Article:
Pi Robot Trades Webcam for Kinect RGB-D Camera
One of the benefits of being a robot is that you can swap out your
parts more-or-less at will when new gadgets appear on the market.
So when the $149 Kinect camera was released for the XBox game console,
the robotics community took about a week to figure out how to
use the camera to give their robots 3D vision. Pi Robot has
actually had a Kinect since just before Christmas (no, he couldn't
wait), but today he finally got to try it on.
What you are about to see may shock you at first--Pi's familiar face
has been transformed by the new technology. But as we will see,
it is all for the best. Though bigger and heavier than a typical
webcam, the Kinect provides both a regular color video image as well as
a depth measurement at each point. It does this by projecting a
pattern of structured
infrared light out onto the world and uses a second camera tuned to infrared wavelengths to measure
the distortion of this pattern caused by the shapes of objects in the
scene. The result is a full depth map of every pixel in the image
and at 30 frames per second.
The image on the right shows Pi with his new head on. The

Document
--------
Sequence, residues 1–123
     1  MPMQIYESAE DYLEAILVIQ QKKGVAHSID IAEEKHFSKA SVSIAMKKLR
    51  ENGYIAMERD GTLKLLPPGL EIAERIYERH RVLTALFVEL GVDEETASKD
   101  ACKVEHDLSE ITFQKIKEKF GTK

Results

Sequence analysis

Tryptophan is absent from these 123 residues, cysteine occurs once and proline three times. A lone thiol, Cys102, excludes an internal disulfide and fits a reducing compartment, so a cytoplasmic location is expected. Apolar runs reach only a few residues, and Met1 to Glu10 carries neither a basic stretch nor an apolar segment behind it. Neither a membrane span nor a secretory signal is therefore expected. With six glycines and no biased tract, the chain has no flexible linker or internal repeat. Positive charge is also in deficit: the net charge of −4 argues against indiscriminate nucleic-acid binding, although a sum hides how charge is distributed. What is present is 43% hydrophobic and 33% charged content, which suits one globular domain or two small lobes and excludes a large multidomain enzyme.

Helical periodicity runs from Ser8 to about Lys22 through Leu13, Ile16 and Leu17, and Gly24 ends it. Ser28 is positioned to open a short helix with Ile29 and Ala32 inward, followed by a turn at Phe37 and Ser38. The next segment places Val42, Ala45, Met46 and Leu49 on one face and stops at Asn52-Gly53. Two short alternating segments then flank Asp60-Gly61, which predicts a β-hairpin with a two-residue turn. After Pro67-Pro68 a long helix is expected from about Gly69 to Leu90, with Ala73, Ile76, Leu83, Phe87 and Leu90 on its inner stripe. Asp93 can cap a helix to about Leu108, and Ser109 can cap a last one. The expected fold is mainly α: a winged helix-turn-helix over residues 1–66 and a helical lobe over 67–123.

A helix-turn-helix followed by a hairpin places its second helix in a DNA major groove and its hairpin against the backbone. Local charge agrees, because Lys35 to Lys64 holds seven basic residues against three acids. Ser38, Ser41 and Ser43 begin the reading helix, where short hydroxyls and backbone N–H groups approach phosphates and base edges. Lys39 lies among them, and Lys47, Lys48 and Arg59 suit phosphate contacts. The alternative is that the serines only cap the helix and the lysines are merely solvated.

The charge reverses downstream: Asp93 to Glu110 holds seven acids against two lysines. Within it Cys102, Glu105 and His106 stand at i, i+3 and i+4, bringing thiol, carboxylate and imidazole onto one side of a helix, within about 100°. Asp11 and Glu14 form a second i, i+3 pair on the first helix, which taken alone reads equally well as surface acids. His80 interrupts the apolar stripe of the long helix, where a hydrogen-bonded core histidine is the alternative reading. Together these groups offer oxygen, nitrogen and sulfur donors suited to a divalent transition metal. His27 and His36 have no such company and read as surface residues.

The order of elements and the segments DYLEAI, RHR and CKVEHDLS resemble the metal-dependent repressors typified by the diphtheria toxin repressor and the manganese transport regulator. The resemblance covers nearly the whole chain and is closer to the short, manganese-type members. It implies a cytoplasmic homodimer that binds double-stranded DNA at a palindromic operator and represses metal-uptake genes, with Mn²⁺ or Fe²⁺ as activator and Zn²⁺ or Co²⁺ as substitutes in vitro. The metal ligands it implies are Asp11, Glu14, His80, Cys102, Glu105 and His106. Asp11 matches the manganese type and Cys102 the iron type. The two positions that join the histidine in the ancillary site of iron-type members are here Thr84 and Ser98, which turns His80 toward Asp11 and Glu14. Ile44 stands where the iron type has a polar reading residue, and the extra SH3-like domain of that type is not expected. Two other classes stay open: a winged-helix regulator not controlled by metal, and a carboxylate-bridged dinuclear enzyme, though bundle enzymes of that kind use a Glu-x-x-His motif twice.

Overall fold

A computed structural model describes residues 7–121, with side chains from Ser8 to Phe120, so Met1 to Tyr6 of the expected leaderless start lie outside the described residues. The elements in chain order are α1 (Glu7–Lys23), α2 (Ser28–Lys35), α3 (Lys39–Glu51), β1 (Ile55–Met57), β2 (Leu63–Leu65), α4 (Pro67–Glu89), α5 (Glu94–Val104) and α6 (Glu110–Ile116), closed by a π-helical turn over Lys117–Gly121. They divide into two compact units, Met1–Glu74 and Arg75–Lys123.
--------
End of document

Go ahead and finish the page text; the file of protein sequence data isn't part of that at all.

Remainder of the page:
Kinect camera is the black horizontal device at the top. It is
wide because it has to accommodate two cameras and one projector.
It also has two microphones, one at either end, that can be used to
locate sounds. The tufts on top of the Kinect came as a little
surprise, first discovered by Mike Ferguson at the University of Albany
when he built his latest creation Maxwell shown on the left.
So what do the 3-dimensional images look like? ROS includes a
visualization tool called RViz which allows us to see both the regular
video image and the 3D map from the Kinect. The 3D map can be
shown in one of three ways: as the original RGB colors overlayed on the
depth measurements; as a grayscale image; or as a color-coded image
with red indicating objects closer to the camera and blue/violet
labeling far away points. Here's what they look like:
RGB image superimposed on depth map:
Flat Color (gray):
Color Coded Depth Map (Axis mode in RViz)
The last image perhaps best illustrates the quality of the depth map
returned by the Kinect, with subtle changes in hue reflecting the
distance of that point in the scene from the camera. Over the next
several weeks and months, Pi will use this new 3D vision ability to
begin recognizing real-world objects by size and shape, much as we
do. Stay tuned!